TRUE COST ACCOUNTING
Valuing the impacts and dependencies that food systems have on the economy, environment, and society.
Food that supports the health of both people and the planet should be affordable and readily available. However, the impacts of industrial food systems often come with costs that are not paid for at the source.
Instead these costs are paid for by individuals, governments, and the environment through diet-related diseases, polluted land and water, poverty and exploitation, supply chain risks, and more. Meanwhile, approaches that create benefits for society are undervalued and overlooked.
By making more informed decisions about food production and consumption, we have the power to positively transform the environment, health, and prosperity of communities and nations.
But how do we make more informed decisions?
By expanding our thinking beyond narrow measures of food system success, like crop yield, to consider the system’s true costs and benefits. True Cost Accounting does just that.
True Cost Accounting (TCA) is an evolving holistic and systemic approach to measure and value the positive and negative environmental, social, health and economic costs and benefits to facilitate business, consumer, investor and/or policy decisions.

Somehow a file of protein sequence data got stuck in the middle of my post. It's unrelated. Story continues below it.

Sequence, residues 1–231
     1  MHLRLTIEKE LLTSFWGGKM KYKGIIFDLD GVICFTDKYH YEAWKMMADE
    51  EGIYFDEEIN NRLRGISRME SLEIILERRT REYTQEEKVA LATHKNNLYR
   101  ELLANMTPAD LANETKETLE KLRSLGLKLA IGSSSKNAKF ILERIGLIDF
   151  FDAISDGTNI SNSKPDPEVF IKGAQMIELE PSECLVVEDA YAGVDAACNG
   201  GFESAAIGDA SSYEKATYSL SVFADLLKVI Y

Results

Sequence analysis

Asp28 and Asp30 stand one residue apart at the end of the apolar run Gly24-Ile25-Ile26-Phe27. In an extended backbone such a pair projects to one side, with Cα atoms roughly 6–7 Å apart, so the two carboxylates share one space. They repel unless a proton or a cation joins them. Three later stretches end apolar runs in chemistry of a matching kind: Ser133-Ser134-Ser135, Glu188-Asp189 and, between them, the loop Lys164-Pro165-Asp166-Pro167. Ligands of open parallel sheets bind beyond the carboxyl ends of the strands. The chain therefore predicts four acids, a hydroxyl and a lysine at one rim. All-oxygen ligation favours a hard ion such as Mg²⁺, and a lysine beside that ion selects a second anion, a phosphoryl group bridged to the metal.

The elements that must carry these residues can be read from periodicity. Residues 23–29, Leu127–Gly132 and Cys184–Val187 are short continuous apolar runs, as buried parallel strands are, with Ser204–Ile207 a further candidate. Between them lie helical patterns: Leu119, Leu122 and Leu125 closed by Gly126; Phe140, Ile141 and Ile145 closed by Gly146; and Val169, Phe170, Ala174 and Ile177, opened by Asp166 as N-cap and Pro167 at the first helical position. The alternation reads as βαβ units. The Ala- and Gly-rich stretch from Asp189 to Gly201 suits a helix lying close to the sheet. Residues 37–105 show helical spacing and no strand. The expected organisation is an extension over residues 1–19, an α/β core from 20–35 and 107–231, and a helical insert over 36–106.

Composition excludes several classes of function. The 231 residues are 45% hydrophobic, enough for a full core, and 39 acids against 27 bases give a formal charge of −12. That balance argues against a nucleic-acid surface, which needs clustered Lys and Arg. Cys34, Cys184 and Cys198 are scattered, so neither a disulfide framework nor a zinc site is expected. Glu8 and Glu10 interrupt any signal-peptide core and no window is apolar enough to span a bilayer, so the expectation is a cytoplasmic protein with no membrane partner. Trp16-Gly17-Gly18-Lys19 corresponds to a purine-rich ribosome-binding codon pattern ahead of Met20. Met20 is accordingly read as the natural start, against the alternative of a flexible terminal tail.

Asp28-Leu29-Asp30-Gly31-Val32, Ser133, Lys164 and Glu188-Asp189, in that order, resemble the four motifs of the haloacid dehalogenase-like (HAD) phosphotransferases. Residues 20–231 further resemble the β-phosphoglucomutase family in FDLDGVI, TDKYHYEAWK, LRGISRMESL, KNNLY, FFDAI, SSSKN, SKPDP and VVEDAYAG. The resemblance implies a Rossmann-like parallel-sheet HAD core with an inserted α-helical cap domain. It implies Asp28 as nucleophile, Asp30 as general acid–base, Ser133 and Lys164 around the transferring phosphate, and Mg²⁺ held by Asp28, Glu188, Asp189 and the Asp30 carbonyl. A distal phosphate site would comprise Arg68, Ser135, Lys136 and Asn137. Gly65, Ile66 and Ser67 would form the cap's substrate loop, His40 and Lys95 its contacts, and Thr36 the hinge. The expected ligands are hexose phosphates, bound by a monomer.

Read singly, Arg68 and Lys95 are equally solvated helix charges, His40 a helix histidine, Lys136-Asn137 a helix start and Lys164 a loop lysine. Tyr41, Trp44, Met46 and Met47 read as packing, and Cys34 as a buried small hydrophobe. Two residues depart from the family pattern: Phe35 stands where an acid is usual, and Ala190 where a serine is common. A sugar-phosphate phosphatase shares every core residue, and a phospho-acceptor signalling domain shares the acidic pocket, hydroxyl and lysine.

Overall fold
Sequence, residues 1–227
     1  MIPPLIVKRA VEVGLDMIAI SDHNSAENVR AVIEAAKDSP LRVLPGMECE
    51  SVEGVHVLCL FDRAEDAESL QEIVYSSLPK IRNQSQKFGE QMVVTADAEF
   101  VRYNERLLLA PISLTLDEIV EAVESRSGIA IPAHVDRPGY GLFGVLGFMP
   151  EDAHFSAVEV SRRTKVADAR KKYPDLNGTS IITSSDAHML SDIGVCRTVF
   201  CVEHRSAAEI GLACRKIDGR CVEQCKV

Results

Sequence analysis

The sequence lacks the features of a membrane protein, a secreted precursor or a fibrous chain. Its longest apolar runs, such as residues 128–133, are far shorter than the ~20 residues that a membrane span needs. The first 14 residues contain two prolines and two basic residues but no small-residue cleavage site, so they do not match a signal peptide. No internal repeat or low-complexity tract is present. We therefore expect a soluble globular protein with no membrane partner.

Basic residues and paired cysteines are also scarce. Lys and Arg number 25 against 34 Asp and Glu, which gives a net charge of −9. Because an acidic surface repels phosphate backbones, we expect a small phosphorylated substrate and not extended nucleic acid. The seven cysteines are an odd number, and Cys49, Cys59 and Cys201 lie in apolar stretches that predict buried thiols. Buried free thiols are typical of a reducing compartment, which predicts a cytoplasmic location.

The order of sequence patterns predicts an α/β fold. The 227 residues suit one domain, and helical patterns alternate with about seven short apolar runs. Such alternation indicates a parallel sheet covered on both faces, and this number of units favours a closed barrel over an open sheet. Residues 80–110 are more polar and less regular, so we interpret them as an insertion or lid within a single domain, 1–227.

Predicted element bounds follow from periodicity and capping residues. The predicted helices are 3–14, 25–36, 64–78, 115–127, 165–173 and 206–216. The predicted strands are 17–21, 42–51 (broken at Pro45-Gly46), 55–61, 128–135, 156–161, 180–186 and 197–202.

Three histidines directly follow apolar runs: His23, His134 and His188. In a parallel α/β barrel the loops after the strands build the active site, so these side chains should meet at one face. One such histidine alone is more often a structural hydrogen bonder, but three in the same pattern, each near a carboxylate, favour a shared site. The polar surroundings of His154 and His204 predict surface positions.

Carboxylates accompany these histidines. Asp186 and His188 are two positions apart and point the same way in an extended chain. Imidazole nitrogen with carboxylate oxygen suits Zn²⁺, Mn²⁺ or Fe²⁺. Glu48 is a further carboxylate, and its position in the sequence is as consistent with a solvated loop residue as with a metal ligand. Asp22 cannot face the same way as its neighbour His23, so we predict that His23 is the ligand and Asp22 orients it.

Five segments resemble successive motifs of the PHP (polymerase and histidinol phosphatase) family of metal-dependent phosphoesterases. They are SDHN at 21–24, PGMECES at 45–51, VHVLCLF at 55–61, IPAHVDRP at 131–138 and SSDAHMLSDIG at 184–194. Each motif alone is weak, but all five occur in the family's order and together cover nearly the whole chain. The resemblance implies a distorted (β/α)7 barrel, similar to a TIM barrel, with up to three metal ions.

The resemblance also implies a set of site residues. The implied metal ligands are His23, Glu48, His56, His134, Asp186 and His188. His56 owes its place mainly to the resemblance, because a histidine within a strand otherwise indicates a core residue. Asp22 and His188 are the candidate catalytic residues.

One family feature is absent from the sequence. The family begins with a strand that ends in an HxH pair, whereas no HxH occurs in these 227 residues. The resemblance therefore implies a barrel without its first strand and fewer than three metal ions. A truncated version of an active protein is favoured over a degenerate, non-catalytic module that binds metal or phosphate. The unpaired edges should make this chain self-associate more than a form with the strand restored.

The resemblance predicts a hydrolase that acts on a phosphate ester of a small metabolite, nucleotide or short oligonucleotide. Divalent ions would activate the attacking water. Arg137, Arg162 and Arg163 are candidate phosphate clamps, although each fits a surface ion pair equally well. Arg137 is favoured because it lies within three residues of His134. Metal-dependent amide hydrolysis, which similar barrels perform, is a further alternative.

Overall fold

TRUE COST ACCOUNTING: AN ECONOMIC MODEL FOR FOOD SYSTEMS TRANSFORMATION
The four capitals model for evaluating food system impacts and dependencies was established in 2018 by the United Nations Environment Programme’s Economics of Ecosystems and Biodiversity for Agriculture and Food initiative (TEEBAgriFood). 150 contributors from 30 countries contributed to the TEEBAgriFood Evaluation Framework, setting the foundation for most True Cost Accounting assessments in use today.
The limited stocks of physical and biological resources found on Earth, and the limited capacity of ecosystems to provide benefits to humans and other living creatures.
The knowledge, skills, competencies, and attributes embodied in individuals that facilitate the creation of personal, social, and economic well-being.
Networks, including institutions, that share norms, values, and understandings that facilitate cooperation within or among groups.
All manufactured capital, such as buildings, factories, machinery, and physical infrastructure, as well as all financial capital and intellectual capital.
Common visible and invisible links in eco-agri-food value chains
Advancing TCA Into Common Practice
Business and government leaders around the world are employing True Cost Accounting as a tool to provide more accurate assessments of social, economic and environmental conditions. These assessments can inform policy and business decisions that make healthy, sustainably grown food the norm for all.